Tuesday, December 17, 2013

History mystery: Temple of Artemis

Temple of Artemis
The Artemesium also known as the Temple of Artemis at Ephesus is located near the modern town of Selcuk around 50 km south of Izmir in Turkey and was considered as one of the Seven Wonders of the Ancient World. It was constructed in the mid 6th century BC and was included in the list of monuments by Antipater of Sidon due to its size and beauty as well as its location which was on the rim of the Greek world and helped in admiration to the non Greeks on the vastness of the Greek world. The temple was not of rectangle portico, common to Greek but a mixture of Classic Greek and near Eastern designs. The temple itself was a large marble building measuring 377 feet by 180 feet. It was 170 ft wide and 366 ft long and had 127 columns each of which was 66 ft tall. The front columns were decorated with intricate designs and the entire sculpture was done of marble (which was unusual for a temple building) while a statue of Artemis stood at the centre of the temple.

Temple of Artemis-1
The interior of the temple had sculptured Amazon warriors designed by some of the Greek sculptors namely Polyclitus and Pheidias. Besides this there were also good painting on the walls along with gilded columns of gold and silver. The Temple of Artemis was built by King Croesus of Lydia, in honor of the Greek goddess Artemis the goddess of the moon and of hunting wind nature and this classic Ionic temple was built and designed by the Architect from Crete, Cherisiphron along with his son Metagenes. The temple was located at commercial crossroads in Asia Minor and attracted huge variety of visitors of different religious belief and due to this the cult which Artemis worshipped, also incorporated elements of worship of other deities like Cybele, the earth goddess of the area around Turkey.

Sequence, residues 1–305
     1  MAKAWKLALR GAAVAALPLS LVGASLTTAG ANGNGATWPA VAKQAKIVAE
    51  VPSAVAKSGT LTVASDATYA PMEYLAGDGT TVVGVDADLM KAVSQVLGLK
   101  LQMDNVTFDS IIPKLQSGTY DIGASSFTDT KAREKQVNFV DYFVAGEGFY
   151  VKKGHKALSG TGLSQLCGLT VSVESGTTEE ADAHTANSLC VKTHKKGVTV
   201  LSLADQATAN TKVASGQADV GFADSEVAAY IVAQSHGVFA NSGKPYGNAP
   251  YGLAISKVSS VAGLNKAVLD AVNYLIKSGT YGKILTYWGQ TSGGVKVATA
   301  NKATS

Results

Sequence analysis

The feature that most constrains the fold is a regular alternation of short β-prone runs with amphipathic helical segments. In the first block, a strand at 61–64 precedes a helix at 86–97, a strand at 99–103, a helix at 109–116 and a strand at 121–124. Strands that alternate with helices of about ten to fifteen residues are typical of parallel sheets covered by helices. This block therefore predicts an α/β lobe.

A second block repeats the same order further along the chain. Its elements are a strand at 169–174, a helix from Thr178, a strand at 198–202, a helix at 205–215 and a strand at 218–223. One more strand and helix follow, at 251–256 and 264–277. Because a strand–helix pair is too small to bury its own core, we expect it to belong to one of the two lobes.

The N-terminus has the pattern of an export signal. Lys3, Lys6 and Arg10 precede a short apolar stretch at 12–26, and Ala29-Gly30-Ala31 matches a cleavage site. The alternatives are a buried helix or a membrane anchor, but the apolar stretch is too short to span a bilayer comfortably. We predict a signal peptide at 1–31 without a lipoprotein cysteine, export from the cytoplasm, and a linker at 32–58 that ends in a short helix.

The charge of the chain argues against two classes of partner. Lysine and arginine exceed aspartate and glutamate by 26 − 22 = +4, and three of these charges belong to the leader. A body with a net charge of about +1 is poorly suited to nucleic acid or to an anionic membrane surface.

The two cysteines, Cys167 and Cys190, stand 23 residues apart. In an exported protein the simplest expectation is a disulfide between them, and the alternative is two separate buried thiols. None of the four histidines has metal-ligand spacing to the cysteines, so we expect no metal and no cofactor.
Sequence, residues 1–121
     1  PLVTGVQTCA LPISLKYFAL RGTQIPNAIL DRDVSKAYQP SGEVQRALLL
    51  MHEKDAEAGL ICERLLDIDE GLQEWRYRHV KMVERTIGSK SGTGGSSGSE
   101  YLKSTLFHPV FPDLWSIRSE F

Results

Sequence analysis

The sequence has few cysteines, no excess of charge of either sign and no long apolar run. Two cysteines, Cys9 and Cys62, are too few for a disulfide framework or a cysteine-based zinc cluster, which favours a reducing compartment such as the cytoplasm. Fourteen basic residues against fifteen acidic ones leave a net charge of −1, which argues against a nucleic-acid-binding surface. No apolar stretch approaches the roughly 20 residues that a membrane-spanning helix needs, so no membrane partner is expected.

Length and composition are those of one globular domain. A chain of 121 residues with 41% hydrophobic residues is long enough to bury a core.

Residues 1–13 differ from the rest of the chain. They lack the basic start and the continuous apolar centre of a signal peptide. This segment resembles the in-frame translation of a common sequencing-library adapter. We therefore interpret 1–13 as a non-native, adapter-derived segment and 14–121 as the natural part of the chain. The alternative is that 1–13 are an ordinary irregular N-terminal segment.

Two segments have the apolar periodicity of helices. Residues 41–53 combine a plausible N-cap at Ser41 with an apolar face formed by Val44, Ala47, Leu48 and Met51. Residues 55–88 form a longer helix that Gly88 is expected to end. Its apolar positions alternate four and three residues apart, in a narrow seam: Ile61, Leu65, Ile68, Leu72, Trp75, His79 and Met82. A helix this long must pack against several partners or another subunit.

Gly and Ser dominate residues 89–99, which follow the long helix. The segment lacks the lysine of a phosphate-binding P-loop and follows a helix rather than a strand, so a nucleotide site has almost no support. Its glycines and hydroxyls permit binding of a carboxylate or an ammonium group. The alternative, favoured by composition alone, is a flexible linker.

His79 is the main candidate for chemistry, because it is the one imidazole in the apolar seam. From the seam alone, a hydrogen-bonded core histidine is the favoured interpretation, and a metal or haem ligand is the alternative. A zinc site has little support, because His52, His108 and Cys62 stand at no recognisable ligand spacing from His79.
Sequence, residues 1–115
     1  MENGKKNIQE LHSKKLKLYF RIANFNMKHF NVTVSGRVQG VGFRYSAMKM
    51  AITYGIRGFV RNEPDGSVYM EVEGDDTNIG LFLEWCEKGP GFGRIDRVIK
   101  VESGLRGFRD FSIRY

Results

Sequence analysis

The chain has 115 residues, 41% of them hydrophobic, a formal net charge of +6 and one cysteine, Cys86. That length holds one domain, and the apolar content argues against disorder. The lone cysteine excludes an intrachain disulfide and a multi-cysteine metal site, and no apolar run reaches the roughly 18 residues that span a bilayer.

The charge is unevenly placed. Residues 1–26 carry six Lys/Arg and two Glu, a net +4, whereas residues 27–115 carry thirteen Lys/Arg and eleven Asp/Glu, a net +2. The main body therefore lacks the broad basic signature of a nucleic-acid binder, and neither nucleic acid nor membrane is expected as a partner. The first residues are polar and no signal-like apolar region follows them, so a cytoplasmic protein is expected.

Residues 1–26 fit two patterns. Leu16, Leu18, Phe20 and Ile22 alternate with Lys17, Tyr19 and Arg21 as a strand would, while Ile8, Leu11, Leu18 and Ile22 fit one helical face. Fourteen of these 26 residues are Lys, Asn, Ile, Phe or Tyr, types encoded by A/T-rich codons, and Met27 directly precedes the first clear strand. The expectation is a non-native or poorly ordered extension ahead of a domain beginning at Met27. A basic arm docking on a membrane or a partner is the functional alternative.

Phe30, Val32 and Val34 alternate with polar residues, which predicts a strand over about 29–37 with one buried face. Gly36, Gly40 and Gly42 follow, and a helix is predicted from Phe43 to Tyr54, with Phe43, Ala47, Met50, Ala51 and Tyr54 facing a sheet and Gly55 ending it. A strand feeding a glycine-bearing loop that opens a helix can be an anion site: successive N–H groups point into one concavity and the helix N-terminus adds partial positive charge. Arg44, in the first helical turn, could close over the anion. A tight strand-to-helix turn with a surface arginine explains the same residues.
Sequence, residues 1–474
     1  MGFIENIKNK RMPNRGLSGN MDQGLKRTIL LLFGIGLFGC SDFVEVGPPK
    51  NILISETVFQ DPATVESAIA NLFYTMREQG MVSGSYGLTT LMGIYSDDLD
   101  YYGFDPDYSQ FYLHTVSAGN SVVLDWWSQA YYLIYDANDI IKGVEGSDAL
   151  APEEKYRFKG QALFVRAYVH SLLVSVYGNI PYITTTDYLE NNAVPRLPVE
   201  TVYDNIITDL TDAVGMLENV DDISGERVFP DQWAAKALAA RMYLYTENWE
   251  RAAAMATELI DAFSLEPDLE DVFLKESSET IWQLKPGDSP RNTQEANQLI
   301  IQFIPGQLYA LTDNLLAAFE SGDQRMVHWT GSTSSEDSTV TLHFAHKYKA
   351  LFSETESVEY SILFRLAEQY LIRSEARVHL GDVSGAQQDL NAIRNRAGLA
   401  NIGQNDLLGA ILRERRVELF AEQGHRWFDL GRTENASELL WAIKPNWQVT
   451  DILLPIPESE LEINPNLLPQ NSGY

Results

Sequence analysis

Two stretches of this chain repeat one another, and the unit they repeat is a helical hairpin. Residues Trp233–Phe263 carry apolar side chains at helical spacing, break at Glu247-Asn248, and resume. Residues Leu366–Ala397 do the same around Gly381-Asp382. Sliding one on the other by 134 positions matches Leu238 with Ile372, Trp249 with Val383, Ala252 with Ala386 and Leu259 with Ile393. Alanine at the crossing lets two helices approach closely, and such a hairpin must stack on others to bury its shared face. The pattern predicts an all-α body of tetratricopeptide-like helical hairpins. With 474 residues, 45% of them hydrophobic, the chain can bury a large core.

Temple of Artemis-2
On a particular night of July 21, 356 BC, Herostratus set fire to the temple as a path to personal fame. Due to the fire, the roof caved in and the columns collapsed while the statue of the goddess came crashing to the ground. The temple was then restored over the next two decades with the help of Alexander the Great when he conquered Asia Mina. Once again in 262 AD, the temple was destroyed and the inhabitants of Ephesus decided to rebuild the same though the temple by that time began to lose its importance since many began to follow Christianity and the town gradually got deserted. Moreover the temple got plundered by Goths and later was affected by floods. Not much remains of the temple with discovery of its location upon excavation done in 1869. Some artifacts have been excavated which are presently placed at the British Museum in London. In recent time, archaeologists have excavated the town making a lot of discoveries and while many attempts have been done to reconstruct the temple, only a couple of columns have been erected on the existing foundation at the site of Ephesus, which was once a gleaming temple where religious and architectural presence made it one of the Seven Wonders of the World.

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